That’s part of a little song we sing at morning circle. And it is also one of the major problems I encounter with new students each year. Following directions is a key component of education, from now through college, yet adults don’t often give the skill enough serious consideration. Perhaps because we want our children to be independent and creative, we don’t always stress following directions and paying attention to how things are supposed to be done. I believe that is a mistake and I spend a great deal of time in kindergarten making sure students follow directions correctly.
Following directions involves four steps:
- Listening- This is the stage where most students fail. They may be accustomed to constant noise (television), may not be required to listen to their parents, or they may not yet understand that they will be expected to perform a task. It takes some students months to grasp the true meaning of “look, listen, learn”.
- Processing- I have found over the last ten years that children are being given less and less time to actually process information and think before an adult or an electronic device steps in and explains something or does something for them. Waiting for a child to process information and make a decision might take a little time, but it is well worth the effort if it results in skill and confidence.
- Understanding- It is important with young children that you use consistent vocabulary when giving directions, and that you follow a repetitive process for the basics of any task. You can’t rattle off confusing terms or ask them to do something new in the middle of a lesson. It is also important to give instructions both verbally and visually. Children process information in different ways. I have difficulty just listening to instructions and have much more success if I can see an example. For this reason I always demonstrate as much as possible and provide finished examples of projects. (I don’t color or paint my art or craft pieces because I do not want students to copy my color choices.) We use a process in our class- Color/Cut/Glue- and it is posted on our board as a reminder. I also ask children to repeat directions back to me to check for understanding.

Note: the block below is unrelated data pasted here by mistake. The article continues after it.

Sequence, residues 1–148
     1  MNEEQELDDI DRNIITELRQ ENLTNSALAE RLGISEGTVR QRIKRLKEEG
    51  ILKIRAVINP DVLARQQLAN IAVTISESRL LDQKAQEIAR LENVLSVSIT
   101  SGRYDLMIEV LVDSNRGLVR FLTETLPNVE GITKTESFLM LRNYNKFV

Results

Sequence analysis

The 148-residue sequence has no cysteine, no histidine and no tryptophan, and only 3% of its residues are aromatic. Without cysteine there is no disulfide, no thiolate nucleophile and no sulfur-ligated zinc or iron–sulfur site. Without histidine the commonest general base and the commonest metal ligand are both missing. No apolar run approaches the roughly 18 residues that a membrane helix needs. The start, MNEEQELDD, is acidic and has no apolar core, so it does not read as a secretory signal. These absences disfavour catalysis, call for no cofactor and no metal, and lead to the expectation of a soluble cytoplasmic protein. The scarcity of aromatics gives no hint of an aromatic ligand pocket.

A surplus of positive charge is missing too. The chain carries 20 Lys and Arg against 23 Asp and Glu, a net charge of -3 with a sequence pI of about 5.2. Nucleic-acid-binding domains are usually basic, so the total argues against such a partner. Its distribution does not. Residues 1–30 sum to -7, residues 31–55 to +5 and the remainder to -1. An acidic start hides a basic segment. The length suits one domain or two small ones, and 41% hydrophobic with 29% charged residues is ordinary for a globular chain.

- Applying- Children need to complete tasks in order to develop skills and confidence. I can’t tell you how many times I have witnessed parents telling children how to do the simplest things, such as opening a milk carton, yet they continue to do it for them for months and months. Children have to fail and practice and fail and practice. We can’t be afraid of the “fail” part. It is just a fact of life that we aren’t born with every skill we require, nor are we born with the same level of skill as everyone else. I never could play sports well- I lacked speed, coordination, and competiveness. But I still played, because it was required of everyone in school. I applied what I was taught and did the best I could.
Teaching our young children to follow directions gives them a solid foundation for the assignments and tests that are ahead of them in higher grades. And it doesn’t negate their individual talents or strengths. They still have numerous opportunities for independence and creativity.